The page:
When our cat, Mishka, stopped eating, the vet said there was very little chance it was anything other than her infected tooth driving her white blood cell count through the roof. Three months later, she died of the stomach cancer that had gone undetected.
Ordinarily I wouldn’t get so personal or morbid, but the death of my cat illustrates something we typically forget. As a culture, business and otherwise, we’ve convinced ourselves that a single backup is sufficient. And usually we’re right. In the face of singular catastrophic events, redundancy delivers reliability. In the short term, you can cover off to be as high as 100% reliability. What the death of my cat taught us is that the universe is not that predictable.
Even if you could get your business right 99.9% of the time, you’d feel pretty good about yourself, right?
In the world of service providers, 99.9% uptime means almost nine hours of unavailability a year, just over a minute a day. Is that good enough? Not for those contract calls that didn’t get through, or the factories without power, or those transit riders stuck in a dark tunnel instinctively wondering if they’ll ever see the light of day again.
Last week our SIP trunking customers experienced a disruption in service for almost an hour. An unforeseen fault in a piece of open source switch code. Averaged over the year, that’s an uptime of approximately 99.99%. Is that good enough? No. A few of our customers threatened to leave service, or at least drop us to backup status. And that’s to be expected. As unachievable as it is, perfection is in demand.
The pace of business is constant and relentless. Companies, particularly SMBs, don’t have time to slow down for interruptions. To be nimble, businesses need results they can count on. And the reality is, sometimes that means better than 99.99% uptime (under one minute of downtime a week).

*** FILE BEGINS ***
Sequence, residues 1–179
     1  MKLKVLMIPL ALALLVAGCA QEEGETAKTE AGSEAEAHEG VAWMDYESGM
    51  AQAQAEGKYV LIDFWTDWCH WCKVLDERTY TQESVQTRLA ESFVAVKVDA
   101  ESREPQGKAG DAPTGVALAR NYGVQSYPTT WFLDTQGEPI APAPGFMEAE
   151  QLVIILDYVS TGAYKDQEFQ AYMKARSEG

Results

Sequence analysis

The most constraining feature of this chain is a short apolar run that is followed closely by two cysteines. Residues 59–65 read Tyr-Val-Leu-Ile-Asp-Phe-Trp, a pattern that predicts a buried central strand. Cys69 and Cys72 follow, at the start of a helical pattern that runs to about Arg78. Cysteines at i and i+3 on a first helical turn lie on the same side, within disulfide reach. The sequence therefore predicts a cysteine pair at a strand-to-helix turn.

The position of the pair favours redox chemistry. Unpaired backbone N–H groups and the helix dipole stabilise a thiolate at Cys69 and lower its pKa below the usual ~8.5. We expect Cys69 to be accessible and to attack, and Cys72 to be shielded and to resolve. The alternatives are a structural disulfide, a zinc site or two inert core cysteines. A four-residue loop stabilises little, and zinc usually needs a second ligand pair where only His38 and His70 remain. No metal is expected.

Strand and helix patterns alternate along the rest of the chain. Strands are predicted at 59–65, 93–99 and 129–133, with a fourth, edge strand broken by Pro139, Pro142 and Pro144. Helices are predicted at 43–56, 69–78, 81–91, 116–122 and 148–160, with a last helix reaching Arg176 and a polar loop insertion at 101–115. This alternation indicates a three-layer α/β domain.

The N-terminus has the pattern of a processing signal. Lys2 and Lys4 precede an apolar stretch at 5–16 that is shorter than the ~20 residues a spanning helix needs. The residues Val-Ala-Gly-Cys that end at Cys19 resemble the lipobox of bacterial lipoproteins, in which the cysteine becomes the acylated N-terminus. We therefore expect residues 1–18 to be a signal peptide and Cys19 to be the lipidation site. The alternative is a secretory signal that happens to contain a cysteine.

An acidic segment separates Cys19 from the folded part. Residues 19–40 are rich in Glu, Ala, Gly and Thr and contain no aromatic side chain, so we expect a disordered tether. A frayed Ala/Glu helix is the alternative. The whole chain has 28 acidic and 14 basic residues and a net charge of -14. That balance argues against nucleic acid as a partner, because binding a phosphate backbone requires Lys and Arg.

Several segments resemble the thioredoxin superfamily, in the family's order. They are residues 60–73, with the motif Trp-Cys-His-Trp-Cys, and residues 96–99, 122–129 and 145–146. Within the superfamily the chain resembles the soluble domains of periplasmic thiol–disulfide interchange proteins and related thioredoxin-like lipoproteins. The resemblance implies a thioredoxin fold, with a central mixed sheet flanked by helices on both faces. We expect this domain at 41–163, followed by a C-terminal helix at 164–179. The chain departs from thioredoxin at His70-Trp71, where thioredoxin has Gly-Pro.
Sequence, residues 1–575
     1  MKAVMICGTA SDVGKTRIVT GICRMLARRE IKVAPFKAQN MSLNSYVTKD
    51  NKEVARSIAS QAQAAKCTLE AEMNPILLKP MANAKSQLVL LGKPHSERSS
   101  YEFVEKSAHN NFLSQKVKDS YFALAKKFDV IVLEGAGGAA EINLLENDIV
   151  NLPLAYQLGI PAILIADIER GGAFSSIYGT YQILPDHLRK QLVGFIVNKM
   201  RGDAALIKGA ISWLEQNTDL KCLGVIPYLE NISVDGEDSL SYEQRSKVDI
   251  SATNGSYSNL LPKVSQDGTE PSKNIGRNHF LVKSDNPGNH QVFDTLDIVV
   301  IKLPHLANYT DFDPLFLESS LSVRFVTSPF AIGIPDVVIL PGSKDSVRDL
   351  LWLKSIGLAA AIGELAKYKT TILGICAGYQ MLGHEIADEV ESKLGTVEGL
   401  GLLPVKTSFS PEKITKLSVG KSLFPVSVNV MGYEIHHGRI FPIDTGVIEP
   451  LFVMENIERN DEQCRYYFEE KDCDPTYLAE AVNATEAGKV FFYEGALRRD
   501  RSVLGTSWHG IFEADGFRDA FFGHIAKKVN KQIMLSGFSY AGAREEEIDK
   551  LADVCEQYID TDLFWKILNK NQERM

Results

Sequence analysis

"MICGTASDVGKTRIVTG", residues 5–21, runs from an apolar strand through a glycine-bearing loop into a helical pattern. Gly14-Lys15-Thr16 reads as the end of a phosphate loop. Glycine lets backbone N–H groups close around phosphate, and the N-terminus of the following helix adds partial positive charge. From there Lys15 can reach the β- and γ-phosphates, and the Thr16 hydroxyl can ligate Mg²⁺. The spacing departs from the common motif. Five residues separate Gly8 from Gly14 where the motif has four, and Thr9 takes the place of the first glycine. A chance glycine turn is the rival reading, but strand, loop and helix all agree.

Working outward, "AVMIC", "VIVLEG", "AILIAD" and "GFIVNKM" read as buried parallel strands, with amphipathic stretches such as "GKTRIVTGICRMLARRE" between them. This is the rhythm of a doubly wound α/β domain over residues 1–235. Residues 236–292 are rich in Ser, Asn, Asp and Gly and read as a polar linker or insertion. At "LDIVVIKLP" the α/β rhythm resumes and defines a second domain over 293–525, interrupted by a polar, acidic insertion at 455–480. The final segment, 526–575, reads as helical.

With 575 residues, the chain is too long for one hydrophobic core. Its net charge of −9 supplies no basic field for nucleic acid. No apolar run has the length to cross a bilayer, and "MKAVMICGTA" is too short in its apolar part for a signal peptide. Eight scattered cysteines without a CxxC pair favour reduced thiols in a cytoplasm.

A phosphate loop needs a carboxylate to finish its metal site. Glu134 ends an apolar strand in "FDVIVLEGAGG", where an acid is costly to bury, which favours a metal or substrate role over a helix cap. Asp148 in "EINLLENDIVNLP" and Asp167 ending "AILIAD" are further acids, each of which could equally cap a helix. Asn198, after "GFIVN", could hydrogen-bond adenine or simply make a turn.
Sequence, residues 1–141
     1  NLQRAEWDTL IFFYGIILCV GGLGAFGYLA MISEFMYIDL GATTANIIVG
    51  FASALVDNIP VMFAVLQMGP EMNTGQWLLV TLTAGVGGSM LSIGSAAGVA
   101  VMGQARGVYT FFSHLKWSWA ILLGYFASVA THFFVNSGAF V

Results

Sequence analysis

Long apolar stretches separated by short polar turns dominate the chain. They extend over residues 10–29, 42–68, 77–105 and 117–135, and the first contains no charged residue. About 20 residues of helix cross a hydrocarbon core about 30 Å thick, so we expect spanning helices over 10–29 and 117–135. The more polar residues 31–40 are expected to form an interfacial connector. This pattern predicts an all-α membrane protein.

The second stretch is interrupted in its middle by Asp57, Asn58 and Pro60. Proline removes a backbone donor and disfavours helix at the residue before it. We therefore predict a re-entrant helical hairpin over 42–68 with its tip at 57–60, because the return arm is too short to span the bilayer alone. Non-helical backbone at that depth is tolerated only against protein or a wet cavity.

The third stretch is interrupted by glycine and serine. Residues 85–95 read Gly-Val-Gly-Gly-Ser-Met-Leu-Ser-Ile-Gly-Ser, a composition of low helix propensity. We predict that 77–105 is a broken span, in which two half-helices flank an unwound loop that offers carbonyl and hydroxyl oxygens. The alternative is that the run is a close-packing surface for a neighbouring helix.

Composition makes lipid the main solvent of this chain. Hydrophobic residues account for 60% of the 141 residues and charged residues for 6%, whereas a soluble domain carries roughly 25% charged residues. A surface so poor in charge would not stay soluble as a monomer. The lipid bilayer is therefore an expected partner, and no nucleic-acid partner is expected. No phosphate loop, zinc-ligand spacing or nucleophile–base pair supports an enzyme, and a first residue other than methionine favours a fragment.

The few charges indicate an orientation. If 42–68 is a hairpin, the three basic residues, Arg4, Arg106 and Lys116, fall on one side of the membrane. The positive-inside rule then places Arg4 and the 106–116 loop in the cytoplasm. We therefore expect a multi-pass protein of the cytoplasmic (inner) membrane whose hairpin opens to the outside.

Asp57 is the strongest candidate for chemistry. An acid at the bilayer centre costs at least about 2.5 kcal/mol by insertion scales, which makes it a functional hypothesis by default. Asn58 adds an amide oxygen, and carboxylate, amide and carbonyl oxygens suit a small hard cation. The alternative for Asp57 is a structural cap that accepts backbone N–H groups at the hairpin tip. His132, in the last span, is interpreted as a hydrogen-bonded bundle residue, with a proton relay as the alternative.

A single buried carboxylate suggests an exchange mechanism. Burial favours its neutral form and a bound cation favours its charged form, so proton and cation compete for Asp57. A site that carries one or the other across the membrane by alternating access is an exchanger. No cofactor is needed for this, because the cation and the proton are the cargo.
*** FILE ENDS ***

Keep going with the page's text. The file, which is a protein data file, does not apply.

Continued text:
Most of us, with a few notable exceptions, backup our business. No amount of planning and redundancy can completely insulate you against failure. You can be prepared to react to disaster but you cannot control your 360 degree environment. Given time, a meteor will get through. The perfection demanded by today’s users is the goal we should all strive toward, but 100% forever is an unachievable dream, the future is too uncertain.
For the most part, people will be reasonable. Customers will give you slack from time to time. But regular or repeated failure is hard to reward with loyalty.
So when you do fail, stand up, dust off, and take the steps to keep what tripped you up from ever happening again. You will never be good enough for everyone and that’s OK, that’s business. But if you fail to learn from your failures, and they happen again, soon you won’t be good enough for anyone.